From the Editor

In this issue, Arthur Drache and Laird Hunter complete their reflections on their proposal for a Canadian Charity Tribunal. Part I of this article appeared in our previous issue. Part II is an in-depth analysis of the role that such a tribunal would fill. Now that the federal government is interested in implementing certain changes in its policy toward the charitable sector, it would do well to give appropriate consideration to this proposal. According to Drache and Hunter, a charity tribunal would remedy most, if not all, of the obvious deficiencies in Canada Customs and Revenue Agency’s administration of the provisions of the Income Tax Act governing the registration and deregistration of charities.

Our second article is a Case Comment on the Ontario Court of Appeal’s decision in Christian Brothers of Ireland in Canada (Re) which was released on April 10, 2000. The author, Terence Carter, a leading practitioner in the charity and nonprofit area of the law, alerts readers to the very serious threat that the decision poses to Canadian charities. The decision essentially abolishes the charitable purpose trust in the sense that assets held in trust by an incorporated charity will now be available to answer claims against the corporate trustee. This is a remarkable decision which deviates substantially from heretofore recognized principles. The article examines briefly the implications of the decision for Canadian charities and suggests possible planning strategies in response.

In our third article, Andrew Passey, head of research for the National Council for Voluntary Organizations (NCVO) in the United Kingdom, examines the British experience with the effect of lotteries on charitable giving. He summarizes the statistical evidence and demonstrates a co-relation between participation in the National Lottery and charitable giving. His evidence tends to show that those with generally negative attitudes to the National Lottery buy fewer tickets and give more to charity than other members of the population.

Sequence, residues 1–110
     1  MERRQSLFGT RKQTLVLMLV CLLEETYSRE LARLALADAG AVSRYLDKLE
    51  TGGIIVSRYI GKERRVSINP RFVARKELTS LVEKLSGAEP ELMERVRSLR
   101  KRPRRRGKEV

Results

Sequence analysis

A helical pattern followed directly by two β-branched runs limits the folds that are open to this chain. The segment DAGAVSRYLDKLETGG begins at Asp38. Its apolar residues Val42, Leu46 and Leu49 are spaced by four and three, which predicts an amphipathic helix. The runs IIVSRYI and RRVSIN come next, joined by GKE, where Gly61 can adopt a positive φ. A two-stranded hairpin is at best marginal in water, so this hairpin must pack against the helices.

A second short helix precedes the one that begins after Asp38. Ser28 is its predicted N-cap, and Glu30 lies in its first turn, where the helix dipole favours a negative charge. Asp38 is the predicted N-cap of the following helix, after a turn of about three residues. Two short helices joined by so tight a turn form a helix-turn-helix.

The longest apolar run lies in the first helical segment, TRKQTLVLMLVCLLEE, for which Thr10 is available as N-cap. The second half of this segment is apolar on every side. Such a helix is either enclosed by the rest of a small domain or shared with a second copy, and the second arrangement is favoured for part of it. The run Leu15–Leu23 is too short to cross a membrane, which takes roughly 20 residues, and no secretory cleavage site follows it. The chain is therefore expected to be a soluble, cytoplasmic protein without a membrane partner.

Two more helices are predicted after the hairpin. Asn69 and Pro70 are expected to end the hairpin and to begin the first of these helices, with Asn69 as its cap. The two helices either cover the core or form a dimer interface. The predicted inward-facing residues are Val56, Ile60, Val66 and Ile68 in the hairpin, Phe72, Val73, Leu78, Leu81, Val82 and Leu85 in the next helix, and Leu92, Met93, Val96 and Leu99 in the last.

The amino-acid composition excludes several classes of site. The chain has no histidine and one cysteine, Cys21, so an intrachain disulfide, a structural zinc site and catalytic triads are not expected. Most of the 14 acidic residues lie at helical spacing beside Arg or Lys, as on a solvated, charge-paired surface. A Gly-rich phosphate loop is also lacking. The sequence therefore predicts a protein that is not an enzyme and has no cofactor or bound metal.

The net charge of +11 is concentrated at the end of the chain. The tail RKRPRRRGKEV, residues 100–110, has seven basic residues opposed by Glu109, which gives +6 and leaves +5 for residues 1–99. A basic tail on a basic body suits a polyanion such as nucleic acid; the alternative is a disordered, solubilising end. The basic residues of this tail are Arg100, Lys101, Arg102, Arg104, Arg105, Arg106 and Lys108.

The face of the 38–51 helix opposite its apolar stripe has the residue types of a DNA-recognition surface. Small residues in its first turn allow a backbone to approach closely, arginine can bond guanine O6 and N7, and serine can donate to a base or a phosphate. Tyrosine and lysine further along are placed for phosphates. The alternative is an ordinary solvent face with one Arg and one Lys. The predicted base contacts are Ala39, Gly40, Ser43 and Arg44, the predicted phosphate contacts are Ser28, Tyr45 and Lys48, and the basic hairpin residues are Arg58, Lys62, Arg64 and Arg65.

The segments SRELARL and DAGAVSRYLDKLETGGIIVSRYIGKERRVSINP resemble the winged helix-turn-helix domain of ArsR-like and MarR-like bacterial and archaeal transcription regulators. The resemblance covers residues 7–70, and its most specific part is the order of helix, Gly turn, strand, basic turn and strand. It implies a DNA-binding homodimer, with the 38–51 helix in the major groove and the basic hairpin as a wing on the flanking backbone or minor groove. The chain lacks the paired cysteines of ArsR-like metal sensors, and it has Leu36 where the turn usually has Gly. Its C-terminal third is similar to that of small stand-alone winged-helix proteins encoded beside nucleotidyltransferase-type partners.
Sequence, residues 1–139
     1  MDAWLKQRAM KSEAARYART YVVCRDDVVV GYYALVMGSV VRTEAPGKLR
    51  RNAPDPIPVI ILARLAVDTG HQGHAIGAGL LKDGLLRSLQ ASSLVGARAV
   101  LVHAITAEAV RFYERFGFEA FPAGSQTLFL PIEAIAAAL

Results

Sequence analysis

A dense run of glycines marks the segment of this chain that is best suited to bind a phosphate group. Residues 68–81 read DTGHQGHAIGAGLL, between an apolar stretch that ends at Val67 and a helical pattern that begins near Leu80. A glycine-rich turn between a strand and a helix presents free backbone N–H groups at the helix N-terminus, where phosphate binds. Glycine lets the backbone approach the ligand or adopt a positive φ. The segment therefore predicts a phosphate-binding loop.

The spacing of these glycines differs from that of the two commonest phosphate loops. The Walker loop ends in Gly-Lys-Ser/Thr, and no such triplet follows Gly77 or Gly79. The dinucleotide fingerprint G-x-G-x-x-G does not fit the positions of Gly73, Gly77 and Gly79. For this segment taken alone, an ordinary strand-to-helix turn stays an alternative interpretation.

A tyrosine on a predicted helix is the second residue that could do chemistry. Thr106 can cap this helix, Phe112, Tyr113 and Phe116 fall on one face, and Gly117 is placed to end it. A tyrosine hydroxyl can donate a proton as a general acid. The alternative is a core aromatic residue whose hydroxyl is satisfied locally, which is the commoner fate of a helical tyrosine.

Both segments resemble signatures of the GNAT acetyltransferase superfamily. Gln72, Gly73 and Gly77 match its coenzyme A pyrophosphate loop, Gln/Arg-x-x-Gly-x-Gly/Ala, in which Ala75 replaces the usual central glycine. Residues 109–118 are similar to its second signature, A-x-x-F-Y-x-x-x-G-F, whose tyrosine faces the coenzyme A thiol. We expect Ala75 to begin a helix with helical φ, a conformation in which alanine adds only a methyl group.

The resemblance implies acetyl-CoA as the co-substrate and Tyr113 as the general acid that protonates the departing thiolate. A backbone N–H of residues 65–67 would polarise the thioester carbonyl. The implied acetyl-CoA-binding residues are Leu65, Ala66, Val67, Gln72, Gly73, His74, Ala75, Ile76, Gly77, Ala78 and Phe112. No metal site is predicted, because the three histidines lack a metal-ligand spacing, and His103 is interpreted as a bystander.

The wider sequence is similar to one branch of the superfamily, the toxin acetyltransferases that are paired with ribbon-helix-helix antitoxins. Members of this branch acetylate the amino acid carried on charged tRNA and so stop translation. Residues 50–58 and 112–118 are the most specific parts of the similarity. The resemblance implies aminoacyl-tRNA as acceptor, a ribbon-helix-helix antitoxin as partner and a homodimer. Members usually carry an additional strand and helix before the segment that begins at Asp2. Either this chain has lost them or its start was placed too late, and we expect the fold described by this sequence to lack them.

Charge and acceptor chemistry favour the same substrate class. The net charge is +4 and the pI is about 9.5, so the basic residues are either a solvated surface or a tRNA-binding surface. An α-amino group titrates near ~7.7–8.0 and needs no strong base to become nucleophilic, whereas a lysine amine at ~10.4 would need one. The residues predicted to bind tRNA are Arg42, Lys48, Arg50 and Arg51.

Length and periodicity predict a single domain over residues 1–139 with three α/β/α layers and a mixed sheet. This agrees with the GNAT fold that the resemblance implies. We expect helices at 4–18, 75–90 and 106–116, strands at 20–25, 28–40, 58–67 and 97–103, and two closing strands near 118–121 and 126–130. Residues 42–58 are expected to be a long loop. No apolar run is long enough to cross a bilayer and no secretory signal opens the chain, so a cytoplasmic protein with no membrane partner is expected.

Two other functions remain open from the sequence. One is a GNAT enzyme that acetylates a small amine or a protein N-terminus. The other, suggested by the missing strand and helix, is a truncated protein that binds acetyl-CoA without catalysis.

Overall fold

Martha Parker, executive director of the Voluntary Centre of Calgary, summarizes her research as one of the first research fellows of the Muttart Foundation. She investigated 11 case studies of for-profits and not-for-profits working together and concluded that Canadian companies were learning to focus their resources and were looking more frequently for social-marketing and causemarketing strategies in order to differentiate their products and build stakeholder trust. She also found that Canadian companies are looking for “signature projects” and, in suitable cases, are prepared to make long-term commitments that will serve their business interests. Hers is an extremely interesting and original contribution to a phenomenon about which very little has been written.

In his Legal Developments column, Legal Editor Jim Phillips examines two important recent decisions: the Ontario Court of Appeal decision in Christian Brothers (discussed at greater length in the Case Comment by Terry Carter) and the Charities Commission for England and Wales’ long-awaited decision on whether or not the Church of Scientology qualifies as a “religion” for tax purposes.

Finally, readers are offered a larger than usual selection of book reviews by Book Editor Heather Hisey. To begin, Julie White of Private Foundations of Canada reviews two books on charitable giving. Next, our Management Editor Brenda Gainer reviews Making Money While Making A Difference: How to Profit with a Non-Profit Partner which nicely complements Martha Parker’s article. The book sets out to convince business people that partnerships with charitable organizations can be worthwhile, satisfying and profitable. Finally, Gary Magarrell of the Canadian National Institute for the Blind tops up the section with a review of a recent book on foreign aid and NGOs.



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